Civic engagement - You can engage young people in political education and awareness, build skills
and capacity for power analysis and action around issues that young people identify, begin to help
young people build the collective identity of young people as social change agents, and engage young
people in advocacy and negotiation.

Youth organizing - You can build a membership base of youth and adult allies, involve youth as part
of your core staff and governing body, engage youth in direct action and mobilizing, and engage youth
in alliances, coalitions, and collaborations.




                                                                                                      5
Engaging Youth - The Basic Formula:
Assess and Inform: Assess your personal and your organization’s capacity, motivation, and
opportunity to engage youth or improve on current practices. This includes the availability of strong
adult allies, an anti-ageism framework, policies and procedures that reflect inclusive decision-making,
a mechanism for youth to safely raise concerns or challenge organizational practices, and the
inclusion of youth in the hiring process for staff who will work one-on-one with youth. After
assessment, inform yourself and your organization through literature, best practices, and connecting to
experienced youth engagers.

Attitude shift and Minimizing Organizational Barriers: Cultivate an attitude shift, which includes
focusing on youth assets rather than deficiencies, encouraging success and permitting failure,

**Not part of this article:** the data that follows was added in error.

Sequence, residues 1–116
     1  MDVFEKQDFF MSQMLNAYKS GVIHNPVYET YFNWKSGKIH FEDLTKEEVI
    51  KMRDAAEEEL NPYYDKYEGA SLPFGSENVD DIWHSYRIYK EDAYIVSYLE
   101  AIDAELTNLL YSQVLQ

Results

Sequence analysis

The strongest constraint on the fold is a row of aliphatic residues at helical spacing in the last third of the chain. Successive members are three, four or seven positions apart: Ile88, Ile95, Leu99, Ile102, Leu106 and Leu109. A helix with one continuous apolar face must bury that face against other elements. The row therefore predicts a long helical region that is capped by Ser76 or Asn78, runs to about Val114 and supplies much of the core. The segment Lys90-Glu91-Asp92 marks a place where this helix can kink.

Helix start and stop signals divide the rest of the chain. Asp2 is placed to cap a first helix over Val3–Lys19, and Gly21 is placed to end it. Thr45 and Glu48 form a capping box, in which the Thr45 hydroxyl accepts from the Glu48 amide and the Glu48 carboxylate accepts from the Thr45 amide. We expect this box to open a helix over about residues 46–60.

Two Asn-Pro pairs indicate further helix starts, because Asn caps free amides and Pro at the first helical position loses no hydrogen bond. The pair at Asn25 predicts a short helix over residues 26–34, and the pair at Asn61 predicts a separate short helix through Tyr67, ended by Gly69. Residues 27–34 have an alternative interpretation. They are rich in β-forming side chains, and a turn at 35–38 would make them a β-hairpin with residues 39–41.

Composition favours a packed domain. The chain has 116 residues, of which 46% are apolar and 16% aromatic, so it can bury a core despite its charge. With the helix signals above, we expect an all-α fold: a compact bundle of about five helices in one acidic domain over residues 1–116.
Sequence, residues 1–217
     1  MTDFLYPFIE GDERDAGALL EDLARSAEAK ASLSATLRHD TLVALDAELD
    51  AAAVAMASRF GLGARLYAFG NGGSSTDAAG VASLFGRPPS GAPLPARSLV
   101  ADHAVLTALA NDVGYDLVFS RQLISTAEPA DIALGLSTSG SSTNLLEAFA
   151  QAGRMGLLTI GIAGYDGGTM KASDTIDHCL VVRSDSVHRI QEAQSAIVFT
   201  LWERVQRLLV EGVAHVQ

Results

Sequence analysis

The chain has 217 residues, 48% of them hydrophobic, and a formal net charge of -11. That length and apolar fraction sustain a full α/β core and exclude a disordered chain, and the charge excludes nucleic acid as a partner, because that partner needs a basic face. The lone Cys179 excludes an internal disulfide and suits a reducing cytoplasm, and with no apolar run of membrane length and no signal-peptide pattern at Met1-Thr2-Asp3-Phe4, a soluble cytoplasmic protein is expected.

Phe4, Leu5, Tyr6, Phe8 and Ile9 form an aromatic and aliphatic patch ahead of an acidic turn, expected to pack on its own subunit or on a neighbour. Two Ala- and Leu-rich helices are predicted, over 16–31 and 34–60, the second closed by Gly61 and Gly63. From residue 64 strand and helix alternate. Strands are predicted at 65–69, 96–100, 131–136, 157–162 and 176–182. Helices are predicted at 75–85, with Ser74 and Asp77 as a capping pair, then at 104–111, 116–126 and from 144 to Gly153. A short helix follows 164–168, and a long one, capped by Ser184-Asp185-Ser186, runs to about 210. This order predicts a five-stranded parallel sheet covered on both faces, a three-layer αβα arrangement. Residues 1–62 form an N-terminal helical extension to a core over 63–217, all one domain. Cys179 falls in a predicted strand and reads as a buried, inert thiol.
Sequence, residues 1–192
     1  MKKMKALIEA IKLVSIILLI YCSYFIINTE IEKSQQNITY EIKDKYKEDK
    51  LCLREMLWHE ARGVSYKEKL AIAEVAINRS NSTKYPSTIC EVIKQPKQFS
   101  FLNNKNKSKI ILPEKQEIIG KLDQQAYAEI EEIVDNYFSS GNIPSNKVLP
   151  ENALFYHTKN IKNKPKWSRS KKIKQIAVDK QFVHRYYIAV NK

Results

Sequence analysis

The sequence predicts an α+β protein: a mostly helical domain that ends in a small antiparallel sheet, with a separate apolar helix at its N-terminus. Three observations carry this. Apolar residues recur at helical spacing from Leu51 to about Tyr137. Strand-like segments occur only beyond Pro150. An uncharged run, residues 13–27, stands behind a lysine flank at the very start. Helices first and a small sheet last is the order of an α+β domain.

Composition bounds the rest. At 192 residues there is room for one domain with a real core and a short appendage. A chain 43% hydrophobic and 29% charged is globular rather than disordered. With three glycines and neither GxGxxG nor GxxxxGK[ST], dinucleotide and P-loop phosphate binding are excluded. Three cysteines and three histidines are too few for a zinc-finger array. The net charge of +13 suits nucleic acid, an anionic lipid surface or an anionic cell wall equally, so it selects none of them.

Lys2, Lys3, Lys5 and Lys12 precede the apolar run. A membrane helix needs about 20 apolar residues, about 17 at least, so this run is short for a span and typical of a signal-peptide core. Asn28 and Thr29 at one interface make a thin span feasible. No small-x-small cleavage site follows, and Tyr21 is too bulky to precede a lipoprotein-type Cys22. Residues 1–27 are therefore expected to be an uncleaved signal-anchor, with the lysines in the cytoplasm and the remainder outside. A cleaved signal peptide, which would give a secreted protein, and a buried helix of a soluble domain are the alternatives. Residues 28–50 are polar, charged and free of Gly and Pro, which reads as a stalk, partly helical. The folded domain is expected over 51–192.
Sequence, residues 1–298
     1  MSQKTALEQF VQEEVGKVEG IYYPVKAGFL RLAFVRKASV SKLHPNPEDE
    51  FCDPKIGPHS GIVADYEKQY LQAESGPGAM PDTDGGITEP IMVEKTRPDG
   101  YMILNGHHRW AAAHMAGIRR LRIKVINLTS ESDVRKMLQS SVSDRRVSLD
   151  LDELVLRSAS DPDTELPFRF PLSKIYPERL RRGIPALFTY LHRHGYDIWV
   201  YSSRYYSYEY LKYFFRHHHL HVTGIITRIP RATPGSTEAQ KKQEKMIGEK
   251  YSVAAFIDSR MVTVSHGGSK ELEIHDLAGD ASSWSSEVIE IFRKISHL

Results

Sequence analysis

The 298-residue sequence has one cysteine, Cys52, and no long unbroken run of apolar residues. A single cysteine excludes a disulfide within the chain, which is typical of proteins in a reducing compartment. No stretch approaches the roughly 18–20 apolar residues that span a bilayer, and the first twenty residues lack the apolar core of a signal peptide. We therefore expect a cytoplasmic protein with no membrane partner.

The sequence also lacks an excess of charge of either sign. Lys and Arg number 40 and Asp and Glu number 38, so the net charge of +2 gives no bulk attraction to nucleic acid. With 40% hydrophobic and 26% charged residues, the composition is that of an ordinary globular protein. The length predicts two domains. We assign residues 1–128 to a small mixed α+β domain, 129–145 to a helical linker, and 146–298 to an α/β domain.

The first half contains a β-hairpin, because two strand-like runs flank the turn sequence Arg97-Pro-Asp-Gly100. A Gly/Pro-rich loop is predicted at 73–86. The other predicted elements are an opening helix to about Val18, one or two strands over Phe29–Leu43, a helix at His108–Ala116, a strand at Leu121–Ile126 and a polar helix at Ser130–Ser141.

knowing when to let go, adapting and adjusting as a group, and breaking down ageist stereotypes as
well as working from an anti-oppression framework. Be prepared to face challenges and work to
minimize the organizational barriers that prevent effective youth engagement.

Plan and Prepare: Comprehensive planning for youth outreach and action will ensure that the
foundations for effective engagement practices are in place – the who, what, where, when, why, and
how.

Recruit, Recruit, Recruit: Don’t focus on your typical “A “student but reach out to at-risk youth and
youth from diverse populations. This will provide for a variety of perspectives and contributions and
allow for learning between youth. A recruitment strategy is on-going and always seeks to add to what
already exists or provides replacements for when youth are fluid and/or become inactive.

Accessibility, Inclusion, and Incentives: Ensure full access to all opportunities that are provided,
offer incentives for youth involvement and enable participation by breaking down barriers that youth
face.

Continuity, Stability, Sustainability, and a Home Base: Be an adult ally who is fully accessible to
youth, encourages partnerships and working collaborations, provides skills development, establishes a
safe and secure space for youth to meet and work from, and facilitates the development of simple
ground rules for operation and relations.

Choices and Adapting to Change: Provide youth with the opportunity to make choices and be